Three helioseismic instruments on the Solar and Heliospheric Observatory have observed the Sun almost continuously since early 1996. This has led to detailed study of the biases induced by the instruments that measure intensity or Doppler velocity variation. Photospheric turbulence hardly influences the tiny signature of conditions in the energy-generating core in the low-order modes, which are therefore very informative. We use sound-speed and density profiles inferred from GOLF and MDI data including these modes, together with recent improvements to stellar model computations, to build a spherically symmetric seismically adjusted model in agreement with the observations. The model is in hydrostatic and thermal balance and produces the present observed luminosity. In constructing the model, we adopt the best physics available, although we adjust some fundamental ingredients, well within the commonly estimated errors, such as the p-p reaction rate (+1%) and the heavy-element abundance (+3.5%); we also examine the sensitivity of the density profile to the nuclear reaction rates. Then, we deduce the corresponding emitted neutrino fluxes and consequently demonstrate that it is unlikely that the deficit of the neutrino fluxes measured on Earth can be explained by a spherically symmetric classical model without neutrino flavor transitions. Finally, we discuss the limitations of our results and future developments.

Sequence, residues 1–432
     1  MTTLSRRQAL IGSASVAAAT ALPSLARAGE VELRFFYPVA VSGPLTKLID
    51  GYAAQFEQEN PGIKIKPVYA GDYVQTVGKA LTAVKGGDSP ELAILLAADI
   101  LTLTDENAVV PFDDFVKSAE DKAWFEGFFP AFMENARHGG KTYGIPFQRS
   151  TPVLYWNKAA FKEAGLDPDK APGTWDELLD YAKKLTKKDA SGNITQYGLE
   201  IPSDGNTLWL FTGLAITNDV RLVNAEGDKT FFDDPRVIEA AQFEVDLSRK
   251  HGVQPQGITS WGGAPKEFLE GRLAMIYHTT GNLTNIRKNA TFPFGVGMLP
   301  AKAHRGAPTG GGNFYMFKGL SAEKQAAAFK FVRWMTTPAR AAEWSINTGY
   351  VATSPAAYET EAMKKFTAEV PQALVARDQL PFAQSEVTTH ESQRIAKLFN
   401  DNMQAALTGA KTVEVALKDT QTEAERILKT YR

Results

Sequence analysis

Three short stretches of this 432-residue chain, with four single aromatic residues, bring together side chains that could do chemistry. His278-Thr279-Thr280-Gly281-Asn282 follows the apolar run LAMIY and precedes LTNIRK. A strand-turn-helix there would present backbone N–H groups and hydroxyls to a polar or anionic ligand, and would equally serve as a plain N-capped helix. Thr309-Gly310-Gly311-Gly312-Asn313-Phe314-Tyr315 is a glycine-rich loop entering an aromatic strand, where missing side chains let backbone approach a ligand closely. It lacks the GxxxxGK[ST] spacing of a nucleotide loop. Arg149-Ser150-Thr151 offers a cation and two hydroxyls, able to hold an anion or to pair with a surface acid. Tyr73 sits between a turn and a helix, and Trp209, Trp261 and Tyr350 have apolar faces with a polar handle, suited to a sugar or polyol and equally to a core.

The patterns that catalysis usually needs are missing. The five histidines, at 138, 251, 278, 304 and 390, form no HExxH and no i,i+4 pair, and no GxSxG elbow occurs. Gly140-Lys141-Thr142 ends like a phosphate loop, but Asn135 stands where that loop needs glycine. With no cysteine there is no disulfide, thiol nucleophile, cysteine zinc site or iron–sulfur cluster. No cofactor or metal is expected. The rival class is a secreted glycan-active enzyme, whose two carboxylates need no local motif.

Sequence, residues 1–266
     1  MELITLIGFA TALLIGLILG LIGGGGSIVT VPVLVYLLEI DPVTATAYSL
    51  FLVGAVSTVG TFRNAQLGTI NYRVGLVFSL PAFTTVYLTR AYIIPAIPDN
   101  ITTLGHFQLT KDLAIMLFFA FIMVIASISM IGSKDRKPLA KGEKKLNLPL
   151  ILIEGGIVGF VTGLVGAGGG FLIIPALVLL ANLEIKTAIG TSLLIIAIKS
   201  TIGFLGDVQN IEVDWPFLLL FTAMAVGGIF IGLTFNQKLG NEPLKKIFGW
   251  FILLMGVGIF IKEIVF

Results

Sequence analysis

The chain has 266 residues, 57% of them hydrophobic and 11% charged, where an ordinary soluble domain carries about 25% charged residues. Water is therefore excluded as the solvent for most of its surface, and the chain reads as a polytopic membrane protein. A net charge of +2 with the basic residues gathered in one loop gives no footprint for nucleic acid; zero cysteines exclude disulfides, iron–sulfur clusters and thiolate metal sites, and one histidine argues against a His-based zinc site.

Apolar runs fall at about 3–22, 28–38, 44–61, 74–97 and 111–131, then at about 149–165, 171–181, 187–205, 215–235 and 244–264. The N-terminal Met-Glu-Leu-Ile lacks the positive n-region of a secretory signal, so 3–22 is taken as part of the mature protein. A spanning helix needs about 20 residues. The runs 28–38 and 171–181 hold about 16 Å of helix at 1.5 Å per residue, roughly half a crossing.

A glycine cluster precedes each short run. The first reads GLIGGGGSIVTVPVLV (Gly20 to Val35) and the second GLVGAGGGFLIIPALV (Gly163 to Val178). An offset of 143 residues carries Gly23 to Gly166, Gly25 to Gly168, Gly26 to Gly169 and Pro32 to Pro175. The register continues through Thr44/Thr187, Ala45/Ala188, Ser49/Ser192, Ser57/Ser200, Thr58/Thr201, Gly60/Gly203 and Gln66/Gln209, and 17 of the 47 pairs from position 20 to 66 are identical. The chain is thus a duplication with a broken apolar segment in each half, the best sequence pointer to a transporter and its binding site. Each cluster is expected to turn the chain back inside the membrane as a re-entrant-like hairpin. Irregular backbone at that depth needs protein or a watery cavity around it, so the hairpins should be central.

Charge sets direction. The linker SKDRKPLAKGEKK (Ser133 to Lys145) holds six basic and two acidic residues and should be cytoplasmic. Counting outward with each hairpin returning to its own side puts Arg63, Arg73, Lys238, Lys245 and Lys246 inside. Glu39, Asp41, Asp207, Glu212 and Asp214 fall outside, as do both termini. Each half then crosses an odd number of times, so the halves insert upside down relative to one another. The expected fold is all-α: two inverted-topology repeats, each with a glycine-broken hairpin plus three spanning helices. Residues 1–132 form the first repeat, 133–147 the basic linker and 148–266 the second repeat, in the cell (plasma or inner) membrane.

All Science Journal Classification (ASJC) codes
- Astronomy and Astrophysics
- Space and Planetary Science
- Sun: Interior
- Sun: Oscillations